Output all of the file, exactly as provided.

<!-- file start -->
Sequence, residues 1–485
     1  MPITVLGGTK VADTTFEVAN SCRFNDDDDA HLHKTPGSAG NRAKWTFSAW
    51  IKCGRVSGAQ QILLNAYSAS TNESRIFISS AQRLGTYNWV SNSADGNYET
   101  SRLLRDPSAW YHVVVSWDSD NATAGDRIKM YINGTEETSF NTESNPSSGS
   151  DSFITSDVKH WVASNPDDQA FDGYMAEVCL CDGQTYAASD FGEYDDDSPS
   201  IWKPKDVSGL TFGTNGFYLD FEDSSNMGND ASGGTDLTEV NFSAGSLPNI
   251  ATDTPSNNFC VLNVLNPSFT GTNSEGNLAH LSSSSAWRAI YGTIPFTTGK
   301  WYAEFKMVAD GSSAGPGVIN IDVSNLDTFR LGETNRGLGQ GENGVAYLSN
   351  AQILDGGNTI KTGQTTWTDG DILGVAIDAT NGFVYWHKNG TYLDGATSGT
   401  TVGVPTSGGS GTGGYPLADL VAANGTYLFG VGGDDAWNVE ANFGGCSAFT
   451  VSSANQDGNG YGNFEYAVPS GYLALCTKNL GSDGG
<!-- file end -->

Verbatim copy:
Sequence, residues 1–485
     1  MPITVLGGTK VADTTFEVAN SCRFNDDDDA HLHKTPGSAG NRAKWTFSAW
    51  IKCGRVSGAQ QILLNAYSAS TNESRIFISS AQRLGTYNWV SNSADGNYET
   101  SRLLRDPSAW YHVVVSWDSD NATAGDRIKM YINGTEETSF NTESNPSSGS
   151  DSFITSDVKH WVASNPDDQA FDGYMAEVCL CDGQTYAASD FGEYDDDSPS
   201  IWKPKDVSGL TFGTNGFYLD FEDSSNMGND ASGGTDLTEV NFSAGSLPNI
   251  ATDTPSNNFC VLNVLNPSFT GTNSEGNLAH LSSSSAWRAI YGTIPFTTGK
   301  WYAEFKMVAD GSSAGPGVIN IDVSNLDTFR LGETNRGLGQ GENGVAYLSN
   351  AQILDGGNTI KTGQTTWTDG DILGVAIDAT NGFVYWHKNG TYLDGATSGT
   401  TVGVPTSGGS GTGGYPLADL VAANGTYLFG VGGDDAWNVE ANFGGCSAFT
   451  VSSANQDGNG YGNFEYAVPS GYLALCTKNL GSDGG